Solicited reports of adverse events included redness, swelling, and pain at the injection site, as well as fatigue, fever, headache, and malaise. The HSV vaccine was more reactogenic and was associated with local pain, redness, and swelling more often than was the control vaccine. There was a small but significant increase in systemic symptoms, including fatigue, fever, headache, and malaise, in the HSV-vaccine group (Table 3). Dose 2 and dose 3 of the HSV vaccine were not associated with increased reports of adverse events; in contrast, reactogenicity decreased slightly with additional vaccination.

    Immunogenicity

    The HSV vaccine was immunogenic and stimulated ELISA and neutralizing antibodies. As expected, control subjects did not have antibody to gD-2 on ELISA or neutralization of HSV-2. Geometric mean gD-2 ELISA titers were 21 at baseline and 6809 at month 7 after three doses of HSV vaccine; ELISA titers waned to 769 by month 20. HSV-2 neutralizing antibodies developed after two doses of HSV vaccine, but the median value fell to an undetectable level by study month 6 (see the Supplementary Appendix for details). After dose 3, HSV-2 neutralizing antibodies were again above the limit of detection (the mean titer at month 7 was 29) but fell to a median value that was undetectable by study month 16.

    Discussion

    Our findings of vaccine efficacy against HSV-1 and lack of efficacy against HSV-2 are puzzling in view of the previous two studies involving discordant couples that showed efficacy of this gD-2 vaccine against HSV-2.4 The difference in efficacy is likely to be due to some factor in the two populations studied. The distinguishing feature of discordant couples is that they are a highly selected group in which the uninfected partner is potentially repeatedly exposed to HSV by the infected partner. Attack rates of HSV-2 genital disease in the prior studies of gD-2 vaccine were high among uninfected women in discordant couples (13.9% for 19 months or 8.4% per year) and were reduced significantly by the vaccine (efficacy, 73% and 74% in the two trials; P=0.01 and P=0.02, respectively).4 Too few cases of HSV-1 genital disease occurred in women in the two previous studies to assess efficacy against HSV-1 (one case in each study among women who were seronegative at study entry).4 Potential reasons for vaccine efficacy in the discordant-couple population include selection bias for a population of women with relative resistance to HSV-2, with added benefits from a subunit vaccine; an undefined immunologic priming event from chronic sexual exposure to HSV-2 viral antigens from the infected partner; and less frequent sexual activity due to the long-term nature of the relationship as compared with sexual activity by couples in new relationships.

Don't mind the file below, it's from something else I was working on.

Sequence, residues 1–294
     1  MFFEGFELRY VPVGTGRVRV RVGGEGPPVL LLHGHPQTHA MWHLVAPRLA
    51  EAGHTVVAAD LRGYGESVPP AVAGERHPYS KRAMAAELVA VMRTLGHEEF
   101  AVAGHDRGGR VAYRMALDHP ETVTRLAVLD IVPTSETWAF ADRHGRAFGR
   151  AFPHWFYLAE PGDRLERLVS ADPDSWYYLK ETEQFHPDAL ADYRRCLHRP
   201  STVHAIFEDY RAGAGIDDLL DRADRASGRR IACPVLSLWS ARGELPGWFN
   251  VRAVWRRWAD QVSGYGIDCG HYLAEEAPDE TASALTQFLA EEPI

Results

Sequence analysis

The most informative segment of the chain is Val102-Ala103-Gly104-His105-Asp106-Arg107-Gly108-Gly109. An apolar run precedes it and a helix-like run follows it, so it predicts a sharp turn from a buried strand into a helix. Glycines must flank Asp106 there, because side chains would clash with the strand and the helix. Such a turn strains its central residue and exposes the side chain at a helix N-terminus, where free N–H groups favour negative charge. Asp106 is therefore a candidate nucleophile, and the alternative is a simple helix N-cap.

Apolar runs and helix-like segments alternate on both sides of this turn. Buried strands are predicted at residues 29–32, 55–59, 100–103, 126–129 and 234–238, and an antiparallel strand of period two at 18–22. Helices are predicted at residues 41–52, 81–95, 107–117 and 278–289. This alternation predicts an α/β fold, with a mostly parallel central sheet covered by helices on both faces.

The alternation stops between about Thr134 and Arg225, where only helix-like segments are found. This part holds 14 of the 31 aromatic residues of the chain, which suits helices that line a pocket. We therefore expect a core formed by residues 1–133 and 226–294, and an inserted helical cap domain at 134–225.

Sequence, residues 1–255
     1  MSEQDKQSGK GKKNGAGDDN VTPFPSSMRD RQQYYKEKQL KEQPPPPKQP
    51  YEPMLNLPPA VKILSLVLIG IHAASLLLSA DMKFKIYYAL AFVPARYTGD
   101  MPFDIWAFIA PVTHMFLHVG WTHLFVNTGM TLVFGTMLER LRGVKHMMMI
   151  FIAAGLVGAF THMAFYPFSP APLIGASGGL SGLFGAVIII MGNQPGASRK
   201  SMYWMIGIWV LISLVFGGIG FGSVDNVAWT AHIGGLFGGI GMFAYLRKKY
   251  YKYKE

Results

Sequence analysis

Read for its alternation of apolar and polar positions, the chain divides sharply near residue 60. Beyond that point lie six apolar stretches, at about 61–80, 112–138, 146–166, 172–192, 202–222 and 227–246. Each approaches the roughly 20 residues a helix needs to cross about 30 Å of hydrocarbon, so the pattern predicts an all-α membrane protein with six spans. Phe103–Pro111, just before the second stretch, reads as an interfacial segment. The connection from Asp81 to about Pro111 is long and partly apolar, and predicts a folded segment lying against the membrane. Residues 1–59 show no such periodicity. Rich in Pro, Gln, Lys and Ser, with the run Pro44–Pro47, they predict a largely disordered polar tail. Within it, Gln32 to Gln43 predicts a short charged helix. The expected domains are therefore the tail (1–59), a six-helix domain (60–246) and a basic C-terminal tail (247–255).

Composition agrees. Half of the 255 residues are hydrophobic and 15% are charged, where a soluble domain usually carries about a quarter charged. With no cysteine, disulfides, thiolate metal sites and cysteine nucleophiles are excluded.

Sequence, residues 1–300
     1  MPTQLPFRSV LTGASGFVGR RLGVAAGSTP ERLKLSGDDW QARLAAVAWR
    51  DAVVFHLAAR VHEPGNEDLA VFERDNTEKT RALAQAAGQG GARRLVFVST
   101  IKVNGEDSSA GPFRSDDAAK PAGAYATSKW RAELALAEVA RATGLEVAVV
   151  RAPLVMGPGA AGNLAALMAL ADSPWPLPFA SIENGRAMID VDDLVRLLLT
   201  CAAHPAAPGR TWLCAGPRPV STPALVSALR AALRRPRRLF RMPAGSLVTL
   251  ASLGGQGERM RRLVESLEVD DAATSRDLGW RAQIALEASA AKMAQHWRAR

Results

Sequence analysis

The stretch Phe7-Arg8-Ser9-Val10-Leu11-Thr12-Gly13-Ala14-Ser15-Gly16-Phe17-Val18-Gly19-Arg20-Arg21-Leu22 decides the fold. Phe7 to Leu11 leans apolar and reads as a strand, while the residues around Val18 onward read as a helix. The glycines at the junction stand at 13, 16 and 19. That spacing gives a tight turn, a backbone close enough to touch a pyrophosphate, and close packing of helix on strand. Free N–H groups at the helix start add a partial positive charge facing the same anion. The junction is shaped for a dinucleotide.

It is not apparent why the biologic characteristics of HSV-1 are different from those of HSV-2; the gD-2 vaccine induces significant protection against genital HSV-1 disease as well as HSV-1 infection, but not against disease or infection caused by HSV-2. Genital HSV-1 may be acquired primarily through oral–genital sex (although a history of oral sex was not a risk factor for HSV-1 acquisition in our study); a lower inoculum, an oral–genital route (possibly less traumatic sex), and a less suitable environment for HSV-1 replication are all possible explanations for protection by the vaccine against HSV-1 but not HSV-2. The gD-2 antigen is derived from HSV-2, but 89% amino acid homology is shared with gD-2 from HSV-1, which may explain the protection against HSV-1. Type-specific immune responses to vaccine antigen may reveal differences in antibody activity against HSV-1 and HSV-2. Whether HSV-1 is more easily neutralized by vaccine-induced antibodies must be determined by further laboratory studies.

    Self-reported behaviors and demographic factors were analyzed for association with HSV-1 or HSV-2 infection in the per-protocol cohort for months 2 through 20. Analysis of self-reported behavioral risk factors was restricted to 5980 sexually active subjects. An increased risk of HSV-1 infection was associated with 6 or more lifetime sexual partners (hazard ratio, 2.2; 95% CI, 1.3 to 3.8) and more than 1 partner in the previous 12 months (hazard ratio, 1.9; 95% CI, 1.4 to 2.7). Subjects who were 23 years of age or older were less likely to acquire HSV-1 than 18-to-22-year-olds (hazard ratio for subjects 23 to 26 years of age, 0.6; 95% CI, 0.4 to 0.8; hazard ratio for subjects 27 to 30 years of age, 0.4; 95% CI, 0.3 to 0.8). Factors not associated with an increased risk of HSV-1 infection included race or ethnic group, country of residence (United States or Canada), having a current partner with herpes, ever having a partner with herpes, condom use, history of any sexually transmitted infection (STI), and oral sex.

    An increased risk of HSV-2 infection was associated with having 6 or more lifetime sexual partners (hazard ratio, 2.0; 95% CI, 1.1 to 3.8), having 6 or more partners in the previous 12 months (hazard ratio, 2.7; 95% CI, 1.3 to 5.5), ever having a partner with herpes (hazard ratio, 3.0; 95% CI, 1.7 to 5.3), having a current partner with herpes (hazard ratio, 3.4; 95% CI, 1.8 to 6.4), a history of any STI (hazard ratio, 3.3; 95% CI, 2.2 to 5.0), nonwhite race (hazard ratio, 3.1; 95% CI, 2.1 to 4.6), and U.S. residence (hazard ratio, 2.7; 95% CI, 1.2 to 6.2). Factors not associated with increased risk of HSV-2 infection included age, ethnic group, condom use, and oral sex. Initiation of sexual activity after 15 years of age was associated with a decreased risk of both HSV-1 infection (hazard ratio for initiation at 16 to 18 years of age, 0.6; 95% CI, 0.4 to 0.8; hazard ratio after 18 years of age, 0.3; 95% CI, 0.2 to 0.6) and HSV-2 infection (hazard ratio for initiation at 16 to 18 years of age, 0.5; 95% CI, 0.3 to 0.8; hazard ratio after 18 years of age, 0.3; 95% CI, 0.2 to 0.6).

    Genital Shedding of HSV-2